A method of relief printing whereby an inked, raised surface is pressed against the substrate. 

The raised surface which is to be inked, is usually a letterform (made of metal or wood) making pieces of typography which can be then printed. Photo engraved plates can also be used, however this is not as common.

Letterpress printing can be identified by the slight indentation made into the stock; this effect can also be achieved with the blocks, without using an ink to create a very subtle embossed effect.

A quick, easy and cheap printing process which can produce clean or aged results depending on the letterforms and amount of ink applied. Ideal for bespoke or mass production. Usually printed on paper/card stock.




Examples of print blocks set up to print being held in the frame with weights. The text is always to be laid backwards as if mirrored for when printing. 




Hot-metal Printing:

Hot-metal printing is also known as hot-type composition or cast metal. It refers to the process of casting type in lines of molten metal.

Text is typed into a machine to produce a punched paper type, which controls the characters that are cast by the casting machine. Hot-metal type allows the production of large quantities of type in a relatively inexpensive manner.

Moveable type is a method that uses single type characters, which are set in block and printed. As each character is a single unit, it is 'moveable' and so can be used again and again. The same ethos applies to letterpress and block printing, whereby they can be used again and again to reproduce prints.



Thermography:

Thermography is an in-line print finishing process that is used to produce raised lettering on paper substrates. 

Thermographic powder is deposited on to a sheet of printed paper (from an offset press) while the ink is still wet. The powder then sticks to the ink, and fuses it to the substrate when passed through heat. This leaves a raised surface with a 'mottled' texture. 

This can also be used in conjunction with letterpress printing.



Lino-Cut Printing:

Lino cut is a low-volume, relief-printing method in which an image is cut into a thin piece of linoleum, which is then inked and mounted onto a piece of wood. This is then pressed against the surface of the substrate, and is generally re-inked for every impression to ensure clean and solid results when inked. However, some designers like the appeal of a unique impression each time due to the variations in ink-film thickness and pressure of application.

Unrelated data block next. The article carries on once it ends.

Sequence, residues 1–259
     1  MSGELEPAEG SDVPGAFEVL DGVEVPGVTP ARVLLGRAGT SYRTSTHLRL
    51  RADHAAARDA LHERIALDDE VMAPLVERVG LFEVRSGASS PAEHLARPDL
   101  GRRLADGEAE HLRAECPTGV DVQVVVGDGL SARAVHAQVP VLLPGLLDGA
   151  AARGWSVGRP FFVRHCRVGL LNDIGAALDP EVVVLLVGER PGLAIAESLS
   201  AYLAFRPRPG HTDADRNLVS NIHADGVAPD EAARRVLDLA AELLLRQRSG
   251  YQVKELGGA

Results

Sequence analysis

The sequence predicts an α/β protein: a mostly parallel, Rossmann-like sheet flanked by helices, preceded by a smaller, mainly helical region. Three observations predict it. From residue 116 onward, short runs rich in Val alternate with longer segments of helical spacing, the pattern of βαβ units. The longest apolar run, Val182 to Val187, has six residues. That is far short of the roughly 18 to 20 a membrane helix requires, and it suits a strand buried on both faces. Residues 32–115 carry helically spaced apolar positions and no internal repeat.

Pablo Picasso is known to of used this method.

It is cheap and quick to produce. Designs can be extra creative and can be combined with different processes and finishes. 

The image above shows how the red and white stripes have been printed using link-cutting, whilst the type has been letter-pressed. 

Gravure (Rotogravure):

Rotogravure is an intaglio printing process, which involves engraving the image onto an image carrier

In gravure printing, the image is engraved onto a cylinder because, like offset printing and flexography, it uses a rotary printing press

Rotogravure printing is still used for commercial printing of magazines, postcards, and corrugated (cardboard) product packaging. 

Ink-Jet:

Inkjet printing is a type of computer printing that creates a digital image by propelling droplets of ink onto paper, plastic, or other substrates. Inkjet printers are the most commonly used type of printer. However ink cartridges are expensive and printing can me timely so these aren't traditionally used commercially.

More professional ink-jet printers are available for use by designers and often used for prepress colour proofs and small digital jobs.


Laser Printing:

An electrostatic digital printing process that rapidly produces high quality text and graphics by passing a laser beam over a charged drum to define a differentially charged image. 

The drum then selectively collects charged toner and transfers the image to paper, which is then heated to permanently fix the image. 

As with digital photocopiers, laser printers employ a xerographic (uses heat to fix image) printing process. It is a speedy and rapid print process which can allow unto 12,000 prints per hour in colour or black and white.




Woodblock Printing:

Woodblock printing is a simple, quick, easy and cheap process using moveable type. Each letter can be held together/held separately  inked and stamped onto various materials such as textiles or paper stock. 

It uses a similar process and comes from the same family as the letterpress process.